OpenLUR: Off-the-shelf air pollution modeling with open features and machine learning17.06.2020
In our paper "OpenLUR: Off-the-shelf air pollution modeling with open features and machine learning" that was recently published at atmospheric environment we introduced OpenLUR, an easily and globally applicable land use regression framework for air pollution modelling.
Air pollution is a major concern in modern cities. Therefore, authorities as well as research institutions and citizen movements attempt to measure air pollution. However these measurements can only be recorded at a small number of locations throughout a city, e.g. due to the high costs of measurement equipment, and are only valid at the location they were taken. In order to obtain information about locations where no measurements were taken, researches investigate the relationship between pollutants and land use features like industrial buildings or traffic density in the vicinity. Up until now, these features were obtained from local or national authorities or commercial products, which restricts availability or makes the features expensive.
In our paper "OpenLUR: Off-the-shelf air pollution modeling with open features and machine learning" that was recently published at atmospheric environment we introduced OpenLUR, an easily and globally applicable land use regression framework, building on top of two advancements in land use regression:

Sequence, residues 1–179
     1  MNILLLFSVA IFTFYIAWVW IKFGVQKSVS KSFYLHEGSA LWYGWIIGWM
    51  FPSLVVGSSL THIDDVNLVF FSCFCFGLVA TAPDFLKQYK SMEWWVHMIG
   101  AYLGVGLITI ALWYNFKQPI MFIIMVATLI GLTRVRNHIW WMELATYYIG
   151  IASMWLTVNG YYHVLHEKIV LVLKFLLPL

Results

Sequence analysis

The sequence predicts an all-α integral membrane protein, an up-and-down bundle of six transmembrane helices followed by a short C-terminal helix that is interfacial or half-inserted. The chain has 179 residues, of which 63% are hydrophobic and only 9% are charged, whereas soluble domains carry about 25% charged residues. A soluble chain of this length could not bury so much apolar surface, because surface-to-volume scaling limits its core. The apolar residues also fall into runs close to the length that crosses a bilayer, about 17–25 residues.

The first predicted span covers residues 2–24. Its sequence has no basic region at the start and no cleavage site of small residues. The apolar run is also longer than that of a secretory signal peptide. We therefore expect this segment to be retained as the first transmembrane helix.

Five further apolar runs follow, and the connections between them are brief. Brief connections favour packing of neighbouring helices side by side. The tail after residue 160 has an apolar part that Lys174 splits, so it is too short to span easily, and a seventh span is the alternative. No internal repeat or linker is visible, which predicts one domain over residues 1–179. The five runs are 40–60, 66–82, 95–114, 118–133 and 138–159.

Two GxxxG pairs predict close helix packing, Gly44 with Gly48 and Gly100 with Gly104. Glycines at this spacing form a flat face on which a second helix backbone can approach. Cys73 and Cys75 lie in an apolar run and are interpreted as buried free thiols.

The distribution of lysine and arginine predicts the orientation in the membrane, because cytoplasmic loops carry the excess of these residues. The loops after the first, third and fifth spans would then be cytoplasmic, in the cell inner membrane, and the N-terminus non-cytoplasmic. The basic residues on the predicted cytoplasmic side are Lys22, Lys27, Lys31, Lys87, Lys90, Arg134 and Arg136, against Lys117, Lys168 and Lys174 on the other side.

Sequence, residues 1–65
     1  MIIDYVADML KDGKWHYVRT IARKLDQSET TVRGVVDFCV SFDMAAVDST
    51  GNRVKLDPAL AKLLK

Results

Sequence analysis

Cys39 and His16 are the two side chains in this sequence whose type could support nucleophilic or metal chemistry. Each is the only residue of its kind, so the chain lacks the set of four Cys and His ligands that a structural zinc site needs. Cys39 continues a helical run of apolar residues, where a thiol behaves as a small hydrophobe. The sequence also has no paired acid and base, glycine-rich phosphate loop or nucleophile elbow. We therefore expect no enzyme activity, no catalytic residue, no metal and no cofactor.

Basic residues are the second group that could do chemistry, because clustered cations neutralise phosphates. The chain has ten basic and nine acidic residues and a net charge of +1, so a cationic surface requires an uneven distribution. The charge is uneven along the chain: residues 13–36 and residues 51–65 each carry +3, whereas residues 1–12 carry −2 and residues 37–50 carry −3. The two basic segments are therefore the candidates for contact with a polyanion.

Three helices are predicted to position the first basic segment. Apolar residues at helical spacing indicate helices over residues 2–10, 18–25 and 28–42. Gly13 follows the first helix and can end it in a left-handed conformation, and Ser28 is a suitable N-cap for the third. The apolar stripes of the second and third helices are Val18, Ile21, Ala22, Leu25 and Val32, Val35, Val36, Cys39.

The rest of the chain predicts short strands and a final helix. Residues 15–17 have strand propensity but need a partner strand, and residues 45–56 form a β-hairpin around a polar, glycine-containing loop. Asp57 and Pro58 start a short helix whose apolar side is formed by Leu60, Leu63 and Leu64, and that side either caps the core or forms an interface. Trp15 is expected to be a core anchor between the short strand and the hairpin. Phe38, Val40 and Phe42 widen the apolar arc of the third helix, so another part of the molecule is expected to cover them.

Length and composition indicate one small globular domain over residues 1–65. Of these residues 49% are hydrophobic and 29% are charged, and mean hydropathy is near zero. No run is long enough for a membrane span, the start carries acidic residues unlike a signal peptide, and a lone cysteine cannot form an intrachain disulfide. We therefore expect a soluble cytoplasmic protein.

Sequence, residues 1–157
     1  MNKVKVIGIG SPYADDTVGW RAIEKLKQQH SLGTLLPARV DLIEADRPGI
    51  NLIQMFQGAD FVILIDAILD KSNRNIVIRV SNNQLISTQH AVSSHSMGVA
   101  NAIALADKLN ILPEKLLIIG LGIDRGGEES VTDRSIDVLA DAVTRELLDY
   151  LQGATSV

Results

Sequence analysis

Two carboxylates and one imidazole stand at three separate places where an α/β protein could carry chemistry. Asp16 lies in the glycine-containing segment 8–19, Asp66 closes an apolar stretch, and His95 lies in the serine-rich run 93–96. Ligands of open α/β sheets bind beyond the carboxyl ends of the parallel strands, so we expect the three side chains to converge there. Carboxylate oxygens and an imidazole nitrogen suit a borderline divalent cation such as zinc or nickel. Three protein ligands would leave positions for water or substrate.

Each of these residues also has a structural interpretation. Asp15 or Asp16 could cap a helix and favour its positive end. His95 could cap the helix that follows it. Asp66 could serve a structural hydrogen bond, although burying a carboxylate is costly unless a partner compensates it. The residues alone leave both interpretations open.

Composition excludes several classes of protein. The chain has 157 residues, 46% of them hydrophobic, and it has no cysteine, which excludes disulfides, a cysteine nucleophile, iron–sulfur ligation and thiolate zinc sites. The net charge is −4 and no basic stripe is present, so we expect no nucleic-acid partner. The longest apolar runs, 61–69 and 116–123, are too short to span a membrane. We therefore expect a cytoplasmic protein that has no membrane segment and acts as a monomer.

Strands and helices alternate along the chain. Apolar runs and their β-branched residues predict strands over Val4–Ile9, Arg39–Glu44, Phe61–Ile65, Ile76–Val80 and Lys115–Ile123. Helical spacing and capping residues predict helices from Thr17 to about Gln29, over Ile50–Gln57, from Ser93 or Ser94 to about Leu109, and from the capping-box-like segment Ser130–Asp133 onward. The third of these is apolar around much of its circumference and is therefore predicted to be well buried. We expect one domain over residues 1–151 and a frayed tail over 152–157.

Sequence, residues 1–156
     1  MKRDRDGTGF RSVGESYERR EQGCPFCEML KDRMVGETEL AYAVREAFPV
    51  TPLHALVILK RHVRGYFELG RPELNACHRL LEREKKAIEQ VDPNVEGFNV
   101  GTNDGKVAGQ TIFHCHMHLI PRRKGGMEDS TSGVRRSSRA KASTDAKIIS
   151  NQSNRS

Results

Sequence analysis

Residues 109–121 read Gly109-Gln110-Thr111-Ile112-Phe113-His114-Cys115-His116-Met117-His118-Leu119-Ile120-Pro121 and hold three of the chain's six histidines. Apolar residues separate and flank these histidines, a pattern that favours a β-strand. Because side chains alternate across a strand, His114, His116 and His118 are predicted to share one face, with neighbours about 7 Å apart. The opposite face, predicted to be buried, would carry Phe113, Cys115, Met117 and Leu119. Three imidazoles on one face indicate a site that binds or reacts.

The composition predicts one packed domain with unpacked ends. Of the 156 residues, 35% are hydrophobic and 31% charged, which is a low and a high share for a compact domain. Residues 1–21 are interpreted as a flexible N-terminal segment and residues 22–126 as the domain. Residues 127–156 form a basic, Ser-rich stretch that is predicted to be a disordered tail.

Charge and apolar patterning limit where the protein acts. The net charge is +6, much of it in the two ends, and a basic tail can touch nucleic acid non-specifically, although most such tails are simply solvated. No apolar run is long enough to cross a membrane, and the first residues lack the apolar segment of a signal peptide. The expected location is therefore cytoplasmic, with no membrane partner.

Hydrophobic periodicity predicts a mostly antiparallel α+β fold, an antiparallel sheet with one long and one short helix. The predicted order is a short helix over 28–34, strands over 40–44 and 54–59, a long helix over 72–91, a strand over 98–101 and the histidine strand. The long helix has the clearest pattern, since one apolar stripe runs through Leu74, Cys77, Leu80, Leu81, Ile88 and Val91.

Openly and globally available features: We extracted land use regression features solely from the openly as well as globally available datasource OpenStreetMap (OSM). We showed that our OSM features where able to outperform local features significantly.
Easy to use models: Previous land use regression studies mostly relied on simple linear regression or Random Forests to model the dependency of pollutants on land use features. We tested the applicability of state-of-the-art methods like automated machine learning which do not require tedious manual hyper-parameter tuning. While the differences where not significant these modern methods outperformed traditional models consistently.
To show the global applicability of OpenLUR we performed cross-learning on pollution measurements from two different cities: Zürich and London. That means we enhanced the performance of a model for a small dataset by simultaneously training on another, bigger dataset from a different city.
Thus, OpenLUR provides easy to use land use regression using openly and globally available data and state-of-the-art machine learning. Additionally, it opens the area of land use regression for very small dataset through cross-learning.
If you are interested in a more detailed description of our work, please have a look at our paper and the corresponding code.